Everyone wants a perfect resume – something that captures the attention of guys at the other end and does magic in form of an invite for meeting.
You may have had people asking for advice:
- What format or template should be used?
- Should I use the color and graph type modern template or a simple template with two tables?
- Should my resume contain my photograph?
- How long should a good resume be?
- What is the level of detailing expected for my past experiences?
- Should I place my high school scores / grades, etc.
There may be many more related questions that come across at times.
Some thoughts on the above, and general advice on matters of a perfect resume. This should be applicable to most scenarios.
- Templates don’t matter. Content is important. Presentation and readability of the document is important. The perfect resume needs to have a proper sequence and structure – start with an objective, present the content in a logical manner. Ensure simple clear formatting – alignment, spacing, font size. Ensure that the document has no spelling – grammar mistakes. Don’t take inspiration from Govinda’s dress code while selecting fonts, font sizes and colors. Photograph is optional. Mostly not needed. Some employers may request for the same.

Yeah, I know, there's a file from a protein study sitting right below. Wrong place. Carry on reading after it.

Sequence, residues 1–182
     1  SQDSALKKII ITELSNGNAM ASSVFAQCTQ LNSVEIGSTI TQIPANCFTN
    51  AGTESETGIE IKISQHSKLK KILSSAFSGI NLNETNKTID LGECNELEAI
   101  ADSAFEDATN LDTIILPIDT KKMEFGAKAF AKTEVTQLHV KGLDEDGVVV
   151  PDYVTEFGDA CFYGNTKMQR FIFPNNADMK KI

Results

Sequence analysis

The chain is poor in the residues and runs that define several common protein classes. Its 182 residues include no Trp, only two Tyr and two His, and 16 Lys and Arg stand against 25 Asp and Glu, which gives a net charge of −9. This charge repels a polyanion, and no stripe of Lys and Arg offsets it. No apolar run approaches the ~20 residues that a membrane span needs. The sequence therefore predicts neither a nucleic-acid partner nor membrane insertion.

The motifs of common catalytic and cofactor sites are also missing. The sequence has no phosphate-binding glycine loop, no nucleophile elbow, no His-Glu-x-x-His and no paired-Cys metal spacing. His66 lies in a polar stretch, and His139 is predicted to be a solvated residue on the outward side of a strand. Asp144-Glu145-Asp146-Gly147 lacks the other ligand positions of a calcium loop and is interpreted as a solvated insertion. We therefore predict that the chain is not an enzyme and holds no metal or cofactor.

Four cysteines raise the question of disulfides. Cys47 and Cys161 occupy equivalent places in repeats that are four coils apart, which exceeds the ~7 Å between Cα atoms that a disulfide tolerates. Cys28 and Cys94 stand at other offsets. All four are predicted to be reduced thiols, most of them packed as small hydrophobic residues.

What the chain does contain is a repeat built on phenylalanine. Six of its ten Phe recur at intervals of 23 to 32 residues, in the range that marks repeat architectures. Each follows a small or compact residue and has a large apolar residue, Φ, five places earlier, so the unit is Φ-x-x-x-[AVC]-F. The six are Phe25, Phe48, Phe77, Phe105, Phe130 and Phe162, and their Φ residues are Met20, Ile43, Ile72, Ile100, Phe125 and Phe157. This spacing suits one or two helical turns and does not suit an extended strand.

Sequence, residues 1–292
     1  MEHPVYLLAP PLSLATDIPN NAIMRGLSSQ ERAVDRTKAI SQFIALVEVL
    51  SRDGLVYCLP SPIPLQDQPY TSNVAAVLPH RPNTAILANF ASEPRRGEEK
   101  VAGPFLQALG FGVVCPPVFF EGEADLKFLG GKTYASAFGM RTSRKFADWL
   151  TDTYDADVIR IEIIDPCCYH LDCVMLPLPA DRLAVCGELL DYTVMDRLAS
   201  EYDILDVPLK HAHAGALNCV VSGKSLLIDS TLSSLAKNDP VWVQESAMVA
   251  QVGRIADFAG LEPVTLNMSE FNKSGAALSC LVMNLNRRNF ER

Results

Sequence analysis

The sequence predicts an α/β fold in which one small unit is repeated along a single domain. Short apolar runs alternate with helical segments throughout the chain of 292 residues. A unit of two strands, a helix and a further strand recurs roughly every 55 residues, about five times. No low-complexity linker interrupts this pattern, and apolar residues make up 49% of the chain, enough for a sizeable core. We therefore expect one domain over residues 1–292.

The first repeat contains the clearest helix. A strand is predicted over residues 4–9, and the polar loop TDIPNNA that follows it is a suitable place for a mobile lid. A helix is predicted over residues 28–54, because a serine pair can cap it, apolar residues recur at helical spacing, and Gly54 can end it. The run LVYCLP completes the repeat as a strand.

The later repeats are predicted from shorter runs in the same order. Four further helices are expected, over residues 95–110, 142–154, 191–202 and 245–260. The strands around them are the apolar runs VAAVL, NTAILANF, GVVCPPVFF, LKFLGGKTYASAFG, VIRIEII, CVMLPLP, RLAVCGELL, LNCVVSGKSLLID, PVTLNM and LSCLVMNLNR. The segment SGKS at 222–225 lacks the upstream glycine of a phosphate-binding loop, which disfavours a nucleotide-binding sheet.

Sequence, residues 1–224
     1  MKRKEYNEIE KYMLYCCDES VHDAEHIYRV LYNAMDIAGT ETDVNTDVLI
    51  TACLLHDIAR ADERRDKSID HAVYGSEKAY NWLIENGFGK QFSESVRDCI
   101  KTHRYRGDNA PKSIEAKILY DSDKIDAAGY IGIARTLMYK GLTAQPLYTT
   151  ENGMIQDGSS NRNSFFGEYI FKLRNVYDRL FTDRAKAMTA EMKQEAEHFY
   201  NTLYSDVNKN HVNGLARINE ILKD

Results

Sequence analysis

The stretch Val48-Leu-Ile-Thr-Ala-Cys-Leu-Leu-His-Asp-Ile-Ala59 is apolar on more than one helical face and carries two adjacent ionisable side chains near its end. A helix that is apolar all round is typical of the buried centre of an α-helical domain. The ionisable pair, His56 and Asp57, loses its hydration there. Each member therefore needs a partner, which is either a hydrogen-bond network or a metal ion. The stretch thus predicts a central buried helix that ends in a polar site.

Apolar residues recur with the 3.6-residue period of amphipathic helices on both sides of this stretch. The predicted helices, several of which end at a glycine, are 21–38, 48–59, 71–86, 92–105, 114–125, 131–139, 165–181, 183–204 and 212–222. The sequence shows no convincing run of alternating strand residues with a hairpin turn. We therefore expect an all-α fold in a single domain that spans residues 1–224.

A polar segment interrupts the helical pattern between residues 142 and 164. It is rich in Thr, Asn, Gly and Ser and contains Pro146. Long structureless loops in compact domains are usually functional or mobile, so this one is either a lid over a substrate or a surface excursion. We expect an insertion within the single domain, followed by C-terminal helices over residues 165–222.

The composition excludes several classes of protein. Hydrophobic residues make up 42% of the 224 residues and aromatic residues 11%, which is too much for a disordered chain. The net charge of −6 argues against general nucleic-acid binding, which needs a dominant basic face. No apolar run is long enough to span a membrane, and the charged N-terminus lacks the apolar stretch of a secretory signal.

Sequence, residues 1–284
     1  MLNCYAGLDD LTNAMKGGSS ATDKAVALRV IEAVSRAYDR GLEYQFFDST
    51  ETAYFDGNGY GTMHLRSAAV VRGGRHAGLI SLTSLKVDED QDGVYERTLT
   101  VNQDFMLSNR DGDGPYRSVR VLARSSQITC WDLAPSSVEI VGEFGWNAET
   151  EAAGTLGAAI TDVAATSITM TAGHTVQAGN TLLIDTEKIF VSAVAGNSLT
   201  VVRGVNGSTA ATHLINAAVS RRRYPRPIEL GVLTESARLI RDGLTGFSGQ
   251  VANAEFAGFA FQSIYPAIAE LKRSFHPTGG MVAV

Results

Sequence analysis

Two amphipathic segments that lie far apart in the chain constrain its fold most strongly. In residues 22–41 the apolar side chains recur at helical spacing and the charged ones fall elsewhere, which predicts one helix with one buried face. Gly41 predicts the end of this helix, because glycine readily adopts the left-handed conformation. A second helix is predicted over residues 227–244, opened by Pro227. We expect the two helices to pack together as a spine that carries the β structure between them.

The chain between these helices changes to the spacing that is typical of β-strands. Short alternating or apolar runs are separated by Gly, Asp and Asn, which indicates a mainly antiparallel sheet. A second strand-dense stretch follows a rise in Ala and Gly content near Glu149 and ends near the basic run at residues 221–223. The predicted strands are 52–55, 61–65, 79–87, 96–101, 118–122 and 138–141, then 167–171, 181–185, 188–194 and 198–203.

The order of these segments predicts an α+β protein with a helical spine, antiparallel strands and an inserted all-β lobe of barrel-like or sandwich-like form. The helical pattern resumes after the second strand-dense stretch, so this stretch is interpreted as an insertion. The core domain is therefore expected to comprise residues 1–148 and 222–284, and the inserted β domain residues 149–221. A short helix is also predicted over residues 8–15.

- Length of a resume: No one wants to read your autobiography. Just like most of us – recruiters, hiring managers, and others involved in hiring process – have limited attention span. It would be wonderful if you can make a crisp document in one or two pages. If there is more to your life and work that can’t be captured in two pages – let these one-two pages give the essentials and append a story book separately in case someone wants to dig deep. This may be an option for PhD types with a strong body of work and not for managers. Making a one to two page resume does not imply that you outsmart the world with a font size of 5 or 6. That will impact content density, readability – and I am sure , you don’t want to torture those reviewing your resume. And please don’t paste yours or your bosses job description.
- About detailing of experiences, degrees, grades. Look for only the essentials that may be relevant for your job. Include experiences that highlight your achievements, and capability, and size of work handled, span of control, decision making authority, etc. Grades ideally cease to be of relevance once you start your first job – unless you are looking for an academic career or one that specifically asks for grades.
If the above gyan is too much of an overload, head to MS Word, check out the good looking one page resume template, and fill in your experience, etc. Use nice words. Ensure that spelling, grammar is fine. Done.